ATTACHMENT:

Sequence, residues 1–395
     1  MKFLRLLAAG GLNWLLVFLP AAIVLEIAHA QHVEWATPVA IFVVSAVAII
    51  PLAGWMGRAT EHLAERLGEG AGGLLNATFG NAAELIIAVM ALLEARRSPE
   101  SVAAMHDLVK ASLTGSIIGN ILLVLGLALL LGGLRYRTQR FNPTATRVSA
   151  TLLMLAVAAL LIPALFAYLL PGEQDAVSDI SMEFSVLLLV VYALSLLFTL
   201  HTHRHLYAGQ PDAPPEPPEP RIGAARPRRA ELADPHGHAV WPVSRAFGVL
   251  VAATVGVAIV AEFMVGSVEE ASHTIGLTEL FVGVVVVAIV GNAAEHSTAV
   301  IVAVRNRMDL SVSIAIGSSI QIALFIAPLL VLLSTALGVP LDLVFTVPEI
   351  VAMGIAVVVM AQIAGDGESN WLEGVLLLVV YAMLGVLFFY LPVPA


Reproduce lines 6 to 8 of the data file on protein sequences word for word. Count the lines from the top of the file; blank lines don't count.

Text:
   201  HTHRHLYAGQ PDAPPEPPEP RIGAARPRRA ELADPHGHAV WPVSRAFGVL
   251  VAATVGVAIV AEFMVGSVEE ASHTIGLTEL FVGVVVVAIV GNAAEHSTAV
   301  IVAVRNRMDL SVSIAIGSSI QIALFIAPLL VLLSTALGVP LDLVFTVPEI